PITTSTON TWP. — Arriving on-scene 40 seconds apart, two quick-response firefighting units began blasting streams of water over flames rising from what appeared to be fuel spills on a section of tarmac at the Wilkes-Barre/Scranton International Airport on Saturday morning.
About 20 people were lying nearby in a grassy field at the end of a runway, and 10 more were inside the shell of what looked like a small passenger jet.
But what appeared to be a plane crash disaster was actually a Live Major Aircraft Accident Response Exercise — a drill that the Federal Aviation Administration requires at every commercial airport every three years, according to Eric McKitish, director of marketing and communications at the airport.
“In addition to being used to continually educate our own ARFF (Airport Rescue and Fire Fighter) personnel, this course gives us an opportunity to allow our mutual aid fire personnel to work with our ARFF staff on an actual aircraft simulator,” said George Bieber, airport director of Public Safety.
The airport rented a 50-foot-long Mobile Aircraft Fire Training Simulator from Kellogg Community College in Battle Creek, Michigan, that produces synthetic smoke and propane-fueled flames both from the simulator and from metal tubes placed on the ground nearby to simulate fuel spills.
Lackawanna County Court of Common Pleas Judge Michael J. Barrasse provided the “crash victims” from his drug and alcohol treatment court.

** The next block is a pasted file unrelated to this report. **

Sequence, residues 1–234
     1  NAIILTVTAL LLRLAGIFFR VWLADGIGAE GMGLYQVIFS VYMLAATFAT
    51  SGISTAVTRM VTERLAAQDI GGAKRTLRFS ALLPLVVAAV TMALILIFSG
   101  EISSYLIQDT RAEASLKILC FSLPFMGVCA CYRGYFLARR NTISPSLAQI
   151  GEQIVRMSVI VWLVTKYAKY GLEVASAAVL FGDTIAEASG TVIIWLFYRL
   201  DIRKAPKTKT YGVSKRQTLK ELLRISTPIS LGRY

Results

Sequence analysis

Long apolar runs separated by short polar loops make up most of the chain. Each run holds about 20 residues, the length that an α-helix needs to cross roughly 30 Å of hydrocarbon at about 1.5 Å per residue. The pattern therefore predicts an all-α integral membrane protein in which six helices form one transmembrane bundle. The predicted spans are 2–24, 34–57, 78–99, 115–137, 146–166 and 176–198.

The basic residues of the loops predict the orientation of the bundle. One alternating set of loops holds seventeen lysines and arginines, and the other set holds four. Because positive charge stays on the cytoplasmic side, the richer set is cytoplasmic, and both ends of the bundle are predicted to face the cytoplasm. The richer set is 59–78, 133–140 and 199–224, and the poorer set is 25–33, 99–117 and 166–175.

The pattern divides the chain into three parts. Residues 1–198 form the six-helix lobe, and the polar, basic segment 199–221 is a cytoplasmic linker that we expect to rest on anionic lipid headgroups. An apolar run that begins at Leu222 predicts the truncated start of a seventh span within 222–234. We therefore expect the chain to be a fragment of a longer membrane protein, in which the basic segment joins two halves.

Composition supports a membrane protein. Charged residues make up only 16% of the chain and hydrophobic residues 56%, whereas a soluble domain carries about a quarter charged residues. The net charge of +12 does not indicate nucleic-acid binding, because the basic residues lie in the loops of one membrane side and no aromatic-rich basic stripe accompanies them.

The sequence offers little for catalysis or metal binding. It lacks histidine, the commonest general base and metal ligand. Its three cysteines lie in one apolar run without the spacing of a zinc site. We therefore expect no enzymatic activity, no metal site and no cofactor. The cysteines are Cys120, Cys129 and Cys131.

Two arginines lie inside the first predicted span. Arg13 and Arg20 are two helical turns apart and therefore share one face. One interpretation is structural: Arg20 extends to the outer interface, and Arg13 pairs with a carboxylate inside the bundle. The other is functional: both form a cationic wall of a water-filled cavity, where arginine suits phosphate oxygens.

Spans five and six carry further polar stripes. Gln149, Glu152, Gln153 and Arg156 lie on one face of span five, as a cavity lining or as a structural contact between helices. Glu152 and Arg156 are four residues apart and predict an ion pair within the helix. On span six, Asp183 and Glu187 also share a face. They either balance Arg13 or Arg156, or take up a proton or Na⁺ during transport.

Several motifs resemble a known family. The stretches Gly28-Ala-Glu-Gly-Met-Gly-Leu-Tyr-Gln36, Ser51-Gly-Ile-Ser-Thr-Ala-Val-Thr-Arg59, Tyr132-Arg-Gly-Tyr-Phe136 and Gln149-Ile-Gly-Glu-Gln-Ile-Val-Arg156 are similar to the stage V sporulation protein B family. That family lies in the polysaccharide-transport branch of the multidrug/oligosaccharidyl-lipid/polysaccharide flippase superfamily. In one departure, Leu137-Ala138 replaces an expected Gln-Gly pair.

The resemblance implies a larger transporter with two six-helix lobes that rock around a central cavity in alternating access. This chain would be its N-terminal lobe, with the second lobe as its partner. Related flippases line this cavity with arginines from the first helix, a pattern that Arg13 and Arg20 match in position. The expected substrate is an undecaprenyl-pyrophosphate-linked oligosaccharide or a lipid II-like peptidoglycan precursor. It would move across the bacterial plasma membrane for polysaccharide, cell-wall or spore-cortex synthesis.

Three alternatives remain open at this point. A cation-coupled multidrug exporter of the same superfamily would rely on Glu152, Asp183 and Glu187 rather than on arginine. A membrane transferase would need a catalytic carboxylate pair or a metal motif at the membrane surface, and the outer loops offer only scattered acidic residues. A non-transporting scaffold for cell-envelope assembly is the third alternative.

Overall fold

“It’s pretty cool. They told me to moan a little bit. I have organs protruding out of me,” said 27-year-old Tara Ancherani, of Scranton, who participated as part of her required community service.
Make-up and fake organs were applied to Ancherani and the other volunteer victims to simulate injuries before the exercise began. Laminated papers hung from their necks listing their characters’ ages, conditions and apparent injuries to help train personnel performing triage.
Scores of firefighters and ambulance crews from area companies that participated were dispatched from their stations by Luzerne and Lackawanna counties’ communication centers.
Firefighters carried the volunteer victims on backboards from the crash scene to a triage area. About 20 of them were transported to a hospital.
Assistant Airport Director Michael Conner even held a mock press conference for members of the media who attended the exercise.
Avoca Fire Capt. Mike Lampman, who has participated in seven or eight such exercises in his career, said the coordination of “accounting for victims, triaging them and getting them out of the hot zone to the EMS area” went well. “The flow of information went well between the command officers and the field units.”
Lampman said the exercise was a good experience for volunteer firefighters who never participated in an airport disaster drill before.
“You talk about mass casualty … and how it’s different from a single-car accident. … Moving 15 or 20 victims who can’t move themselves, three or four guys needed each to package them and carry them probably 700, 800 yards, and do that multiple times, you get to see not just what the resource needs are, but how physically intensive it can be,” he said.
Airport Director Barry Centini was “very pleased with the response, the way that the medical people here and the EMS handled our patients and some of the fatalities.”
Centini said a couple more ambulances would have been needed if the crash were real. “But, again, it’s a drill. It’s on a Saturday. I think if the real thing ever happened, God forbid it does, we would have a bigger response from the community. But all in all, pretty good.”